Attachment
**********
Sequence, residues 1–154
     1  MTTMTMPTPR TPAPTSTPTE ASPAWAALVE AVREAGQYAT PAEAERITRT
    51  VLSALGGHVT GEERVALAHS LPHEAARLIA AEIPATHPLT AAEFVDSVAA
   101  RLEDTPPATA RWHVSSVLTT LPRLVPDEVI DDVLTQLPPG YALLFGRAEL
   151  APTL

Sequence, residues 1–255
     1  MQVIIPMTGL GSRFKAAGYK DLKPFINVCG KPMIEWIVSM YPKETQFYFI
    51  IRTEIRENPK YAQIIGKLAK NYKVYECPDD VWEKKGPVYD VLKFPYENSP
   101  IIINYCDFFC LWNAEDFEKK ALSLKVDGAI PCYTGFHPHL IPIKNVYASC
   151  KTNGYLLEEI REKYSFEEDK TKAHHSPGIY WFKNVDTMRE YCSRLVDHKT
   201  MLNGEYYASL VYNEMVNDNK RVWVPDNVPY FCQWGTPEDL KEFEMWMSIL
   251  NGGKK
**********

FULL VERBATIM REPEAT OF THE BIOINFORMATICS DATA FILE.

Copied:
Sequence, residues 1–154
     1  MTTMTMPTPR TPAPTSTPTE ASPAWAALVE AVREAGQYAT PAEAERITRT
    51  VLSALGGHVT GEERVALAHS LPHEAARLIA AEIPATHPLT AAEFVDSVAA
   101  RLEDTPPATA RWHVSSVLTT LPRLVPDEVI DDVLTQLPPG YALLFGRAEL
   151  APTL

Sequence, residues 1–255
     1  MQVIIPMTGL GSRFKAAGYK DLKPFINVCG KPMIEWIVSM YPKETQFYFI
    51  IRTEIRENPK YAQIIGKLAK NYKVYECPDD VWEKKGPVYD VLKFPYENSP
   101  IIINYCDFFC LWNAEDFEKK ALSLKVDGAI PCYTGFHPHL IPIKNVYASC
   151  KTNGYLLEEI REKYSFEEDK TKAHHSPGIY WFKNVDTMRE YCSRLVDHKT
   201  MLNGEYYASL VYNEMVNDNK RVWVPDNVPY FCQWGTPEDL KEFEMWMSIL
   251  NGGKK